Where did we leave off last night? Oh yes, my bloody backside and defcon 627.
Anyone who has kept track of my last few road trips is familiar with the resiliency of our collective crew’s attitude when it comes to wheelchair issues. We’ve pushed me around Southern California in a dead wheelchair for days on end, visited the Grand Canyon in a Franken-chair held together with pool noodles and a set of Wal-Mart suspenders, and have managed to do so somewhat gracefully and even with a little humor. And I know a lot of that probably hinges around my ability to roll with whatever punches Life decides to throw my way. Wheelchairs break. Shit happens.
But when we saw evidence of pressure on my backside in the world’s worst impromptu examining room on the planet, my PTSD kicked into hyperdrive. To know why that happened, you need to know my history with pressure. In total, I’ve spent one third of my paralyzed life stuck in bed battling skin issues, with the most recent stint coming two summers ago while planning this exact same trip, ironically. These are the types of things I lose years to. The kind of things that kill people. People like Superman. People like my friend Dan. They are not something you play around with. Needless to say, I wasn’t too enthused with dragging my body back off that card table and into an improperly positioned, broken wheelchair. We needed more options.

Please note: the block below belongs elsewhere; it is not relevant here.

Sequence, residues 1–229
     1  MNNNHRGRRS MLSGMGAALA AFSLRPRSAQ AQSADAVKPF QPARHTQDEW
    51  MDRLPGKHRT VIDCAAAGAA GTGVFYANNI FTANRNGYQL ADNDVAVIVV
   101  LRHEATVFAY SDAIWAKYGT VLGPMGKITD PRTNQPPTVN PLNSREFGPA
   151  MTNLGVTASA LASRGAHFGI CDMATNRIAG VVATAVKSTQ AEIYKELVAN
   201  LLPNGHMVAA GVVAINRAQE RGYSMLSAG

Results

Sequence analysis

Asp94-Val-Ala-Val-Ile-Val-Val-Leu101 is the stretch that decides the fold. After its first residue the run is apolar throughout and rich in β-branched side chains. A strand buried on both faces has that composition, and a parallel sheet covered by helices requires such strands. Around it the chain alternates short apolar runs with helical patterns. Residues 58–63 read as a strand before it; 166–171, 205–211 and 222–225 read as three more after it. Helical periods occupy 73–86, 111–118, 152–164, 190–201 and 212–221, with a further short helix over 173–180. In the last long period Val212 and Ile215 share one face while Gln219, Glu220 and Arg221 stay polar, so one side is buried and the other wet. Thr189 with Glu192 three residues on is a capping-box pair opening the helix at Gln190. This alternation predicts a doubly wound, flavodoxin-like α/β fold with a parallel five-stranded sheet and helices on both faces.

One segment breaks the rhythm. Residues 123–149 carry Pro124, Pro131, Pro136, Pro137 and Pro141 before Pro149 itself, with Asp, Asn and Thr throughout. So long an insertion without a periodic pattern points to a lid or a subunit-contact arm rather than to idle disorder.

The only thing the airline thought to do was call for a transport to our hotel, but 911 responders could only take me to one of the local hospitals. That landed me in the University Hospital emergency room for four hours with a doctor who had either zero understanding of the severity of skin issues in quadriplegics, or just didn’t really care. Probably both. Meanwhile, the airline’s mobility connection finally arrived and was unable to revive my chair, saying they needed to take it to the shop for at least a couple days. Hopefully Tuesday, they said. They were able to provide an ill-fitting hand control wheelchair as a loaner until that time. It beats pushing, I guess. All we needed was an hour of the most brutal, pothole filled cabulance rides of my life to finally get us to the hotel, where we had to jump through seven or eight hoops to prove that, yes, we do have two rooms booked and, yes, they did have our bags that had been delivered from the airport.